It is beyond me how Stuart: A Life Backwards is still such an underrated and obscure movie. Not only did BBC and HBO joined forces to produce it but it also features two young and incredibly talented actors. Both Tom Hardy and Benedict Cumberbatch were compelling, giving us a preview of performances to come. And to top it all of, the movie is based on true events! Actually, they worked off a book written by Alexander Masters about the life of Stuart Shorter. He’s a homeless person whom Alexander met, befriended, and eventually decided to work with writing his biography. Smart and eloquent, Stuart is able to articulate his experiences into an engaging narrative. He talks about a world we don’t know much about and his troubled life. I will stop here and leave you to discover the rest yourselves.

While Stuart: A Life Backwards is indeed a drama dealing with some really difficult subjects, the entire tone of the movie is very vibrant and funny. The movie would be too dark and hard to digest if they went for that usual drama vibe. Although it starts as a quirky dramedy, just give it some time and you’ll soon find yourself fixated on the characters and incredibly engaging story. And when I say, incredibly engaging I really mean it. This is a phenomenally nuanced and honest character study without any hints of preachiness or pretentiousness. It just shows you how things are and leaves all the conclusions for you. Just as any masterpiece should.

Alexander Masters is a young guy working with Wintercomfort for the Homeless located in Cambridge. This is just a thing he does for money as he’s still trying to figure out what he could do. After the directors of the center are arrested he starts a campaign for their release and meets an interesting character called Stuart. He’s a homeless person, an alcoholic, a former prisoner, and an addict full of wild and troubling experiences. Alexander decides to write his biography and this is how the two of them become friends.

I just can’t emphasize enough how entertaining Stuart: A Life Backwards is. If this wasn’t a true story, it would be definitely a comedy, black comedy that is. The style of filming resembles those pseudo-documentary shows like The Office but you will soon forget all about it because the movie is that good. They used it to highlight the grittiness and realism of both the characters and locations.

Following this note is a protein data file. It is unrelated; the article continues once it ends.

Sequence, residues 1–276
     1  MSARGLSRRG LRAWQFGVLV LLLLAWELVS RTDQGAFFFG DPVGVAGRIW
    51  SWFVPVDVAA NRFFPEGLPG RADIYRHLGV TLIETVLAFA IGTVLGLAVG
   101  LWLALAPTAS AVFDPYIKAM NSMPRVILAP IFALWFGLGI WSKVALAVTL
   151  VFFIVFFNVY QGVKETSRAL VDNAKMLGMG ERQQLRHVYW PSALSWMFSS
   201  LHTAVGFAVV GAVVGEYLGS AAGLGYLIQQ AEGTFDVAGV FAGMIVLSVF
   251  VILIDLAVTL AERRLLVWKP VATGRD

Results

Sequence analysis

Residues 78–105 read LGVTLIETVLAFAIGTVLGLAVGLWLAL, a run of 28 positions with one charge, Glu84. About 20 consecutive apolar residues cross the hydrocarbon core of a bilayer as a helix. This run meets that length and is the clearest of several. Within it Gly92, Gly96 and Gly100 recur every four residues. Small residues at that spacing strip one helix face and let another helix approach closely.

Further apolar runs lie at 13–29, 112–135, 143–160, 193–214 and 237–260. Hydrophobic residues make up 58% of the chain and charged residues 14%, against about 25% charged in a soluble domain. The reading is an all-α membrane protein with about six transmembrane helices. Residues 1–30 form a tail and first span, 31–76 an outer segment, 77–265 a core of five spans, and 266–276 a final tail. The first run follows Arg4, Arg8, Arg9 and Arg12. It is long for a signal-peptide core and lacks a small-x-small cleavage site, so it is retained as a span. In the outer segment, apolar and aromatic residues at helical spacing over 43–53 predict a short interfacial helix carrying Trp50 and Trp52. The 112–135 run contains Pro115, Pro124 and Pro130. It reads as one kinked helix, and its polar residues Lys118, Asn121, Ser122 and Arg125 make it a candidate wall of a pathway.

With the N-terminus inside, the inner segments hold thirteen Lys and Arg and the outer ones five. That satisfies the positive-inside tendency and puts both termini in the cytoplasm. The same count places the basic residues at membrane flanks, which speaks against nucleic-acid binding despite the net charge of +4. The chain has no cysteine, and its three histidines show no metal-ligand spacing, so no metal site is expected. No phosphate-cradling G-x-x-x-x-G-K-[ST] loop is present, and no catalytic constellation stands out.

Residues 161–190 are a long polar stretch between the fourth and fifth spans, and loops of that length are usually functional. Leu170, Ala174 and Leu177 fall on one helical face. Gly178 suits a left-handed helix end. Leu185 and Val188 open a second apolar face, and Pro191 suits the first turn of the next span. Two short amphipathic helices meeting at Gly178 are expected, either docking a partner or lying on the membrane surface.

Speaking of which, Hardy’s performance here was simply stunning. It was like watching all interactions I had with addicts rolled into one. From the groaning sounds, range of movement to surprising wits, everything felt authentic. The same goes for a lot of small details that you can hardly notice. The state of Stuart’s flat, his sleeves with holes for fingers, and many other things add a special level of believability and immersion.

Finally, I want to talk about the society we live in. And I know that you’re probably sick of my rants by now, but I simply have to say something. We measure if a society has reached a higher level if we find evidence of them treating the old and injured. And although we do have some safety nets placed in our society, it is still a tribal society nonetheless. And you know what that means.

If you have “weak genes” and “weak will”, you will be cast out from the tribe. If you’re different in any way compared first to the ideal and then to normal, you are out. This passive eugenics program has always been going on in the background. This is the reason why the strongest (athletes) and most beautiful ones are celebrated. I will add the smartest but we all know how it goes. But enough of that, Rabbit Reviews is here to make you think and watch some movies, not preach.

Director: David Attwood

Writers: Alexander Masters

Cast: Benedict Cumberbatch, Tom Hardy, Nicola Duffett, Claire-Louise Cordwell, Candis Nergaard, Trevor Sellers, Joanna Maude

Fun Facts: With Tom Hardy being a method actor, he lost weight in preparation for filming to give his character the thin look of the drug addict and suicidal figure Stuart Shorter was in real life.

Rating:

IMDb Link: https://www.imdb.com/title/tt0853153/

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